Police shouldn't show support for Ukraine or wear gay pride badges, says watchdog

11 March 2022, 09:04

By Asher McShane

Police should not declare support for political movements because it “does damage to public confidence,” the outgoing chief inspector of constabulary told LBC today.

Asked whether he approved of police officers ‘taking the knee’ or showing support for other causes, Sir Tom Winsor, Her Majesty's Chief Inspector of Constabulary, said: “I think it does damage to public confidence.

“The police in this country should not identify itself or associate itself with any political opinion.

“Of course they shouldn’t have taken the knee,” Sir Tom told Nick Ferrari at Breakfast today.

“The model of policing we have in this country is the impartial and the objective enforcement of the law. You cannot do that if you are wearing something on your uniform which associates you with a particular point of view.

“It just isn’t OK, it’s not professional.”

He was also asked whether it was OK for officers to wear a Ukrainian flag in support of victims of the war in the country.

Sir Tom said: “It shouldn’t be permitted."

He said gay pride badges also shouldn’t be allowed because “it is associating yourself with what is perceived to be a widely popular opinion, it's not popular with everyone."

“If they take a Ukrainian flag, what’s the next flag they are going to wear?”

Yesterday Sir Tom set out his final annual assessment of the state of policing in England and Wales, saying there is no such thing as "thought crime" and that officers should stick to enforcing existing laws rather than trying to create offences that do not exist.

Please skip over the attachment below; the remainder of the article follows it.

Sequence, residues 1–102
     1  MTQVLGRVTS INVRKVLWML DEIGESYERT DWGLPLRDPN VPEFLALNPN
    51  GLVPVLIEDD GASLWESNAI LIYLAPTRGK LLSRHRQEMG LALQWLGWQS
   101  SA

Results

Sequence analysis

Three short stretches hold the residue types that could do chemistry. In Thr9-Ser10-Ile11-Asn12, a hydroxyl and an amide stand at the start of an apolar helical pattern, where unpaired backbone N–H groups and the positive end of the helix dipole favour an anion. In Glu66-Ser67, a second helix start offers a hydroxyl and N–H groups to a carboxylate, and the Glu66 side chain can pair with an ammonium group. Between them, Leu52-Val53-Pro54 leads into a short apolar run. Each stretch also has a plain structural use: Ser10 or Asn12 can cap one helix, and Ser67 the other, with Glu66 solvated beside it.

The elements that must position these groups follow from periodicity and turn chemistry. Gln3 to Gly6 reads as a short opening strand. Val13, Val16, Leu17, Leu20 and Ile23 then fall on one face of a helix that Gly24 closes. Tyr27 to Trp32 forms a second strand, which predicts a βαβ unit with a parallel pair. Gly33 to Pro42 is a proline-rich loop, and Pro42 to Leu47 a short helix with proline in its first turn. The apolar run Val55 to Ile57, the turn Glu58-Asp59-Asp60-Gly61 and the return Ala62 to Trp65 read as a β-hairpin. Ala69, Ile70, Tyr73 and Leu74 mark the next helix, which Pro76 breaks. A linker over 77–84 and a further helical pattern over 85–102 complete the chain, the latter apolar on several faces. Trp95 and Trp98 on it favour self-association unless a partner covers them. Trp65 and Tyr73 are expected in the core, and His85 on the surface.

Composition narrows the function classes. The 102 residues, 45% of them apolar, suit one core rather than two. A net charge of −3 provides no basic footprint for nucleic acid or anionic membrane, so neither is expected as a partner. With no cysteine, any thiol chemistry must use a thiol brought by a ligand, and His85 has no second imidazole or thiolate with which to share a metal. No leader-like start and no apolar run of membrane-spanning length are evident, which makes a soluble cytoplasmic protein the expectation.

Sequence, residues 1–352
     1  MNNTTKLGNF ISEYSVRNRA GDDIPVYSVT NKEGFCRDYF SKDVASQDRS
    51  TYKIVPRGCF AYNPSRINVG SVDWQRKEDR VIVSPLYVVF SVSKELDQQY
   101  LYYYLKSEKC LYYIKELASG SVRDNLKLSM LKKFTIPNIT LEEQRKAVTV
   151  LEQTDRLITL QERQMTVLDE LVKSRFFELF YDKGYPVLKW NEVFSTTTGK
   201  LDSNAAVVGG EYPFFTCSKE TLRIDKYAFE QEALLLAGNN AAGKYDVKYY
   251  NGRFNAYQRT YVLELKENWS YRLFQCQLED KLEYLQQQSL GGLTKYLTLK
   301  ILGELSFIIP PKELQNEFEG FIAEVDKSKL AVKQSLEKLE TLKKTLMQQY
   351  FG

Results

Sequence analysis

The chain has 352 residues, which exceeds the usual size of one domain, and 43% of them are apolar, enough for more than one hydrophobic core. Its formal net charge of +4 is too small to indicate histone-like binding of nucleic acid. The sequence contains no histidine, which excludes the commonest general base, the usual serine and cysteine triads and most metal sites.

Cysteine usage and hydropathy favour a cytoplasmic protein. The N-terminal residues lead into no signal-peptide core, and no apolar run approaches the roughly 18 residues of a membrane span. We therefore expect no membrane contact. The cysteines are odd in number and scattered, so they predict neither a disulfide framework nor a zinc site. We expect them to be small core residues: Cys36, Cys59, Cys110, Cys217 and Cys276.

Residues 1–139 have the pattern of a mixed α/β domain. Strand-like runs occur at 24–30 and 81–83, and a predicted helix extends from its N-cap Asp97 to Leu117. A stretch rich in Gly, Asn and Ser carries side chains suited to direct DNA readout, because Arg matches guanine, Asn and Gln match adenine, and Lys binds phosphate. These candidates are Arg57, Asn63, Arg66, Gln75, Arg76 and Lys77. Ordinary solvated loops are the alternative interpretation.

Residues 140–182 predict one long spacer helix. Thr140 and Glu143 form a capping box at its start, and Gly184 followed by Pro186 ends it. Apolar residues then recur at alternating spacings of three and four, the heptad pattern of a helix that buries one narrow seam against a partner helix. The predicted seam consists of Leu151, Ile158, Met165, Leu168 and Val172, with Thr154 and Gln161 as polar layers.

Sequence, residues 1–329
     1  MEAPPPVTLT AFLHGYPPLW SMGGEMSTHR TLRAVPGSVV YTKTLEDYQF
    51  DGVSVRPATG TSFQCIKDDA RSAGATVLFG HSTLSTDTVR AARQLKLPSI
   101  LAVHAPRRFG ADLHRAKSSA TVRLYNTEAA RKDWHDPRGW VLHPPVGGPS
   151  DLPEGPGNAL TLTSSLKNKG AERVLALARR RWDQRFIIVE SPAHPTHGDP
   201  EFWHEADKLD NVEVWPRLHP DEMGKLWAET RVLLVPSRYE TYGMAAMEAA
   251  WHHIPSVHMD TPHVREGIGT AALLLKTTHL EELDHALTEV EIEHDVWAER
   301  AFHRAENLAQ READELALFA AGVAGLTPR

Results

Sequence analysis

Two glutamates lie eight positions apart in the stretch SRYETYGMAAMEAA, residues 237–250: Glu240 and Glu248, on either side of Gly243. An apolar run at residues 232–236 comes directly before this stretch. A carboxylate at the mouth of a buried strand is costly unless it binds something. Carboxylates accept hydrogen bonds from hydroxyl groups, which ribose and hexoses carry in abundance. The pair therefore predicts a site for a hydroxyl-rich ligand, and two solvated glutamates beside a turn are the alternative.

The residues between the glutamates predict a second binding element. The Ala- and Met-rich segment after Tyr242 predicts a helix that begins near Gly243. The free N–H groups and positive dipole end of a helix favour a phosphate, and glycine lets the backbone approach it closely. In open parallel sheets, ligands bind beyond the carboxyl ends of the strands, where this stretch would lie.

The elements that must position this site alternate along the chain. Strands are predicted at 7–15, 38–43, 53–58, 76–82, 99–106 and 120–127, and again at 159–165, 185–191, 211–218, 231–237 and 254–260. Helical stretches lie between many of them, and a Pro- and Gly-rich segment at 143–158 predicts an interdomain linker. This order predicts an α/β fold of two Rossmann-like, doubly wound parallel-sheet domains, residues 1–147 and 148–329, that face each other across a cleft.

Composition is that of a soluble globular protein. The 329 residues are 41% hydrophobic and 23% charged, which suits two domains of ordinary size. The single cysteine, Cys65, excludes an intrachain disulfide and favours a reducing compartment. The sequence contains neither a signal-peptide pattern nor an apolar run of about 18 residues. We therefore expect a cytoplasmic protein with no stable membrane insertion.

He said chief constables cannot "declare something that is not a crime to be a crime" in their force area, adding: "It is not illegal to think anything."

His comments follow reports that some police forces now treat misogyny and transphobia as hate crimes amid public concern about such behaviour.

Ex-Nottinghamshire police boss Sue Fish was reportedly the first chief constable to record misogyny as a hate crime in 2016.

Sir Tom said: "From time to time, one turns on the radio and there's retired chief constables declaring certain things to be crimes which are not crimes.

"I think it's necessary for me as chief inspector of constabulary to make it perfectly clear that is no part of our legal system...

"So for a former chief constable or for any police officer to say 'in my police area, such and such being a thought is a crime' is completely unsustainable."

His report said "there is no such thing as a thought crime", adding: "It is not appropriate for senior police officers, serving or retired, to assert a right of the police to declare anything criminal, least of all what people may think.

"They have no legal power to create criminal offences in their police areas or anywhere else. It is important that no-one is misled: the police enforce the law, they do not make it."

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